Philippine Prehistory - The First Inhabitants - 40,000 BP
The Philippines is an archipelago of 7,107 islands in the South China Sea situated between Taiwan to the north and Borneo to the south. Just 2,000 of its islands are inhabited and only 500 are larger than a kilometre square. The nine largest islands of Luzon, Mindanao, Palawan, Panay, Mindoro, Samar, Negros, Leyte and Cebu make up 90% of the nation's land area. Over the past two million years, the earth has undergone twenty cycles of glaciation. During these ice ages, glaciers accumulate on land a substantial quantity of the earth's water in the form of ice and cause the water levels in the world's oceans to drop. At the height of the last ice age, the sea levels around the Philippines were at least 50 metres lower than they are today. The present sea beds surrounding the Malay peninsula and the islands of Sumatra, Java, Borneo and Palawan were all above water making one huge extension to the continental land mass of Asia. The earth's climate began warming 18,000 years ago and the oceans regained their present high levels about 8,000 years ago. No pre-hominid or hominid species such as australopithecus or homo erectus has been found in the Philippines. The first human beings probably reached the Philippines about 40,000 years ago at roughly the same time as they reached Australia and New Guinea. The Philippines, like Australia and New Guinea, were never actually joined to the south east Asian mainland but, at the low ocean levels, the water barrier was much less. The earliest human bones found in the Philippines were on Palawan of modern type and date to 22,000 B.P. although stone tools from Palawan date back to 30,000 B.P. The original people of the Philippines were the ancestors of the people known today as Negritos or Aeta. They are an Australo-Melanesian people with dark skin and tight, curly brown hair. They are also distinctively small and of short stature. As the Pygmies in the equatorial forests of Africa, the Aeta are believed to have adapted locally to the tropical jungles of the Philippines. The Aeta are a nomadic hunting and gathering people who forage in small family bands with an informal organization and leadership. They were once widespread throughout the Philippines but are now found only in the remote highland areas of Luzon, Palawan, Panay, Negros and Mindanao. Agricultural Revolution - China 6,000 BC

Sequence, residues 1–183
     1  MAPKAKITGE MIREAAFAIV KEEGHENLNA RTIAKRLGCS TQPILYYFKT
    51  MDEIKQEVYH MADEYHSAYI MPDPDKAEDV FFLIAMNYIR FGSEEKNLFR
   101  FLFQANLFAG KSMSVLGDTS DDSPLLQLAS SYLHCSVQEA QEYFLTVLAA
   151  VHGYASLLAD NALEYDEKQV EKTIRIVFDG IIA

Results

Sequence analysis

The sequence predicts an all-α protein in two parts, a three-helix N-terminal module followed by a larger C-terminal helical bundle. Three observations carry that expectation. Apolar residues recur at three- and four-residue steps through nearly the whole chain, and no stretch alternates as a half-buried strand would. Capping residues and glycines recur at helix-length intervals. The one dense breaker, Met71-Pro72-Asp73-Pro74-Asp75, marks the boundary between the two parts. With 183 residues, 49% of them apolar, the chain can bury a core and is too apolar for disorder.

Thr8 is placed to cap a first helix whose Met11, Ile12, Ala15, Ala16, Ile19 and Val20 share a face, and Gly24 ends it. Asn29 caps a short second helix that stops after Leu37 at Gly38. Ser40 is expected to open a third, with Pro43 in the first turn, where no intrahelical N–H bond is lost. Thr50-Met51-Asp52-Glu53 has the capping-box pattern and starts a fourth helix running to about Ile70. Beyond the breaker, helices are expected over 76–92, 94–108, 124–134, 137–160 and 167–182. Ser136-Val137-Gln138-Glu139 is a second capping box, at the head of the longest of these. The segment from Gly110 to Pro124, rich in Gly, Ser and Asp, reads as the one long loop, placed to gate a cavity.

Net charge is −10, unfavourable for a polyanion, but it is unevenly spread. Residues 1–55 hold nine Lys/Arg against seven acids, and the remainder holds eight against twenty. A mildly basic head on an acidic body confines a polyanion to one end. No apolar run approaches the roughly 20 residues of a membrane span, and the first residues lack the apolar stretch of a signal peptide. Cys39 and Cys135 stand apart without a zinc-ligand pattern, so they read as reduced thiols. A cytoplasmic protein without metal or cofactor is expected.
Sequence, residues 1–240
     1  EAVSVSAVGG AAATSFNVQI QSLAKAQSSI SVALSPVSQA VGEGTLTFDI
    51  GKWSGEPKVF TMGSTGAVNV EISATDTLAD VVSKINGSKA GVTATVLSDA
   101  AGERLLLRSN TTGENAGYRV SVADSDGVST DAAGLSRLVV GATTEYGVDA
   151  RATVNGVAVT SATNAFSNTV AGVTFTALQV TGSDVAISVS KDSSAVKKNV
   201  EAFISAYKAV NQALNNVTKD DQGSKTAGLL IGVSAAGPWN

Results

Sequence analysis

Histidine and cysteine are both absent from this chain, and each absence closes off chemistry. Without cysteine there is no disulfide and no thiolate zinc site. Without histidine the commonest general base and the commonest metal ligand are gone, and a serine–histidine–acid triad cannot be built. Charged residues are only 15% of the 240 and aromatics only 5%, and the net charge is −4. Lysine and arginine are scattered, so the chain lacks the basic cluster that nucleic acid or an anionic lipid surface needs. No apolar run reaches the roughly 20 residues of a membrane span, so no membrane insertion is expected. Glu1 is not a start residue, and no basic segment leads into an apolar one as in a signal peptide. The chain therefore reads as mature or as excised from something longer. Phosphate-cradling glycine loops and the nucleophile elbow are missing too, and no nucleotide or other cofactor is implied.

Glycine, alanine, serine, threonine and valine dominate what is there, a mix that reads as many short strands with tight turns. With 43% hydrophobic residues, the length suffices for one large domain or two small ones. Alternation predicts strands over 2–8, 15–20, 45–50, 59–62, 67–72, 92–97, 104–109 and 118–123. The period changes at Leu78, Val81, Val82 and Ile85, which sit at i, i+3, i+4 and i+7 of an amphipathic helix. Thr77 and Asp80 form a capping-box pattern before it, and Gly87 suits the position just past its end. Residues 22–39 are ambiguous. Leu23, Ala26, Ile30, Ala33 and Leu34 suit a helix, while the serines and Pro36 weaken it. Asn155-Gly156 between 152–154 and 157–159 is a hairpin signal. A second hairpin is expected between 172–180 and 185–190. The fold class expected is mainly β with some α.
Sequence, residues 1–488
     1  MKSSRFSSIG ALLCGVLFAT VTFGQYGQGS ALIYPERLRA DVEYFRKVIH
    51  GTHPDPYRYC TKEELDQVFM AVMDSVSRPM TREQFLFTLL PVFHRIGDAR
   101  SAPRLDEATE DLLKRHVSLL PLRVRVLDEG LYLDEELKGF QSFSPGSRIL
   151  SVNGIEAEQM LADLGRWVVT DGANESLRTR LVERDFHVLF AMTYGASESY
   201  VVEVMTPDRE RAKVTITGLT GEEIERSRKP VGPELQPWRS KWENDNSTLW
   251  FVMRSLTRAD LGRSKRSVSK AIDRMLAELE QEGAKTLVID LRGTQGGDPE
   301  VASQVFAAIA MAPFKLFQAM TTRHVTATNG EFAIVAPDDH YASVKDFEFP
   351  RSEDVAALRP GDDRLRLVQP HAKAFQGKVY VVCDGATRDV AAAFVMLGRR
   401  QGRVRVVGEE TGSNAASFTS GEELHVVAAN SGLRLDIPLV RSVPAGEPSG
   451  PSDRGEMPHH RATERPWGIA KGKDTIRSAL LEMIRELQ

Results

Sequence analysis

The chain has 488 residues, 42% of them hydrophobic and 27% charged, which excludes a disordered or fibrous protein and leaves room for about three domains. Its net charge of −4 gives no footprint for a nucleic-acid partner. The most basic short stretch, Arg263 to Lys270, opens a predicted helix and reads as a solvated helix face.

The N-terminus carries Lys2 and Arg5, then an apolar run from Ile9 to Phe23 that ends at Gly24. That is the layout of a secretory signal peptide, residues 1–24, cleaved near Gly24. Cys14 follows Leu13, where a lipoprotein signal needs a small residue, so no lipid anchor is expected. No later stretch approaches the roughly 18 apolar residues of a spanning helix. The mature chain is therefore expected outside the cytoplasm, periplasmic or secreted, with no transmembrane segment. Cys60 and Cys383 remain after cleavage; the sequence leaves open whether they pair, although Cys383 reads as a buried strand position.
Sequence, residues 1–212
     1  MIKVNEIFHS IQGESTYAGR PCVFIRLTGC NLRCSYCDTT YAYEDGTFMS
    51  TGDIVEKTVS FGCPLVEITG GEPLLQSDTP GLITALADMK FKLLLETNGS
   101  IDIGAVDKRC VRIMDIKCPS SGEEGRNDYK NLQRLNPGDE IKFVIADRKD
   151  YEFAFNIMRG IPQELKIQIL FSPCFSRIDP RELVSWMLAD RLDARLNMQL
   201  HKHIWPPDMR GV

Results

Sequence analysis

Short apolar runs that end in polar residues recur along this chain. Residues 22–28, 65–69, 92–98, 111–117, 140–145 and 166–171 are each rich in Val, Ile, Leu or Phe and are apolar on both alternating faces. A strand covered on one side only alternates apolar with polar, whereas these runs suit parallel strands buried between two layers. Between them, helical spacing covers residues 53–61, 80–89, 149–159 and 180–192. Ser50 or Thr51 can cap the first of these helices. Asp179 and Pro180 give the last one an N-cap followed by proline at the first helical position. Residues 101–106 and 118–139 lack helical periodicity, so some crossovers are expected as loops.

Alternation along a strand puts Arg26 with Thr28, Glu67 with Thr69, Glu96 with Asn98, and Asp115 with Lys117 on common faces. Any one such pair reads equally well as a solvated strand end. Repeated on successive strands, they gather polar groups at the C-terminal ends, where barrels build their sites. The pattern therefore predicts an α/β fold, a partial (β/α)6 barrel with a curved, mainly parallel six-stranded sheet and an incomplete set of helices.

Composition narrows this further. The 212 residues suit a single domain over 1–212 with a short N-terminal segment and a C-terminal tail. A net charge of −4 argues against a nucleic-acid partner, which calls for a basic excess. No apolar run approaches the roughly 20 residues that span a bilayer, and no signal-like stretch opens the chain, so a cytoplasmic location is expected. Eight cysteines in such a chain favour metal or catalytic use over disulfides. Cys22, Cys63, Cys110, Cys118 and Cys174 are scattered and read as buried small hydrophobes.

The Agricultural Revolution is the term used to describe the transition from nomadic hunting and gathering societies to settled agrarian societies. The description deserves some qualification. Taken as a whole, from start to finish, the transition certainly was a revolution in the entirety of changes it brought in the way people lived. Considered over the entire 250,000 year span of human existence, the several thousand years it took was relatively sudden. Still, it did take several thousands of years and it was a gradual and incremental process. The changes in any given lifetime were imperceptible. Cumulatively, over time, they were enormous. For generation after generation, the people who lived through the Agricultural Revolution and made it happen had no idea they were part of anything like a revolution. Neither was the Agricultural Revolution a singular event. Since the last ice age, the transition from nomadic foraging to settle agriculture has occured independently in at least four, possibly six, separate geographic areas. The transition takes place where both the paleolithic hunting and gathering and neolithic gardening ways of life can co-exist simultaneously. Typically, it is the women who know where and when to gather the local domesticates. Repeated harvestings engage collector and collected in a positive feedback-natural selection process that changes the domesticate species genetically to favour its selection and reproduction. Over time, passive gathering becomes active planting, tending and harvesting. All the while, as the...
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